The recent addition of Isshinryu as noted by Isshinryuronin is also controversial because it is considered to be a variation of Shorinryu rather than a unique and distinct art.

Although there are plenty of political controversies in the USA over karate, we tend not to get too wrapped up in what some Okinawan karateka see as a purity thing. We tend to argue over other things.

Isshinryu is by many accounts nearly gone in Okinawa, but it is growing rapidly in Europe and especially in India, although I struggle sometimes to not comment negatively on the quality of instruction there. I'm glad to see it continue to be practiced.
 
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Koryuhoka

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Firstly, do the terms describe the same art? I would have thought so, but I have read suggestions that Isshin Ryu [with or without the hyphen] is a separate critter from Isshinryu.

Secondly, it seems that Isshin Ryu is not very popular in Okinawa, but is doing quite well elsewhere, particularly in the USA. Why is that?

Thanks for any wisdom.

Firstly, do the terms describe the same art? I would have thought so, but I have read suggestions that Isshin Ryu [with or without the hyphen] is a separate critter from Isshinryu.

Secondly, it seems that Isshin Ryu is not very popular in Okinawa, but is doing quite well elsewhere, particularly in the USA. Why is that?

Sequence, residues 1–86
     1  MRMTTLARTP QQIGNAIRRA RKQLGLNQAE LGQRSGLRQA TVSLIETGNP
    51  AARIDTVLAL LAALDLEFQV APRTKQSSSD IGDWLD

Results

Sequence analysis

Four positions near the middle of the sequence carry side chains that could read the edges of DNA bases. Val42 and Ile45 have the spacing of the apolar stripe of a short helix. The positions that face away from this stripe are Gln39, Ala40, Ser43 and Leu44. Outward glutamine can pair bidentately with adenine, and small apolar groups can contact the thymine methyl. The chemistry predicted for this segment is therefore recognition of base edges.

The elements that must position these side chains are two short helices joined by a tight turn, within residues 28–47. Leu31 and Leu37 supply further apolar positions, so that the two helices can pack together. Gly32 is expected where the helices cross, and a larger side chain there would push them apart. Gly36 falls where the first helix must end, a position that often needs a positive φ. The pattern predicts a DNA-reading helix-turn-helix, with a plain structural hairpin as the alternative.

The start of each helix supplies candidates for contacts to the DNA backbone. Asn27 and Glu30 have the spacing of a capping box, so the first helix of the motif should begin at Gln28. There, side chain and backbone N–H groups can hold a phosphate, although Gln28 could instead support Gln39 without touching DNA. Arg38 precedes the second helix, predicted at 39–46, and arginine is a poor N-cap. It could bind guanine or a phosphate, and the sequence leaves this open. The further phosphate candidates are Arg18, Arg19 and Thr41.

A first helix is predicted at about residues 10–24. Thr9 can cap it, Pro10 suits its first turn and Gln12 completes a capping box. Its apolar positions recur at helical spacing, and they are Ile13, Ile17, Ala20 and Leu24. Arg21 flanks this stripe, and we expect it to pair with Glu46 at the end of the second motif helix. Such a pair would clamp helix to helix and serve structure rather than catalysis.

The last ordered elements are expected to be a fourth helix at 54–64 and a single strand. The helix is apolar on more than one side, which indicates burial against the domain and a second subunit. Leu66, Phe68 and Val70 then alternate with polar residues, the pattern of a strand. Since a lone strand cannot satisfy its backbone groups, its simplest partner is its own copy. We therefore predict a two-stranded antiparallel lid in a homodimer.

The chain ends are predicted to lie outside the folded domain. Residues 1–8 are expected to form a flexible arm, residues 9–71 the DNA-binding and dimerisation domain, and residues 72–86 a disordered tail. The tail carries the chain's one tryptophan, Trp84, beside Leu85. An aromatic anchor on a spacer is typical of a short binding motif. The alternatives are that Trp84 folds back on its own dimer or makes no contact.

Thanks for any wisdom.
Hello.. They are one and the same. That difference you are noting may be due to the preference of the head of the school lineage. One of Shimabukuru Sensei's black belts may have used the hyphenation to differentiate his lineage from one of his fellow classmates who are also teaching. Shimabukuru Sensei didn't have many, or any Okinawan students. His pupils were mostly, or entirely American servicemen in Okinawa. This is why it would be more popular abroad.
 

Bill Mattocks

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Hello.. They are one and the same. That difference you are noting may be due to the preference of the head of the school lineage. One of Shimabukuru Sensei's black belts may have used the hyphenation to differentiate his lineage from one of his fellow classmates who are also teaching. Shimabukuru Sensei didn't have many, or any Okinawan students. His pupils were mostly, or entirely American servicemen in Okinawa. This is why it would be more popular abroad.
Master Shimabuku had many Okinawan students in addition to his students who were US Marines. It is true that it has not flourished in Okinawa.

However, there are many Isshinryu students in Europe, India, and Canada, among other countries, and he never taught any students from those countries directly.
 

Koryuhoka

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Master Shimabuku had many Okinawan students in addition to his students who were US Marines. It is true that it has not flourished in Okinawa.

However, there are many Isshinryu students in Europe, India, and Canada, among other countries, and he never taught any students from those countries directly.
Thanks for that correction. Is there a list available where I can learn more about his Okinawan students? I would love to see who they were and where they went to teach.
 

Bill Mattocks

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Thanks for that correction. Is there a list available where I can learn more about his Okinawan students? I would love to see who they were and where they went to teach.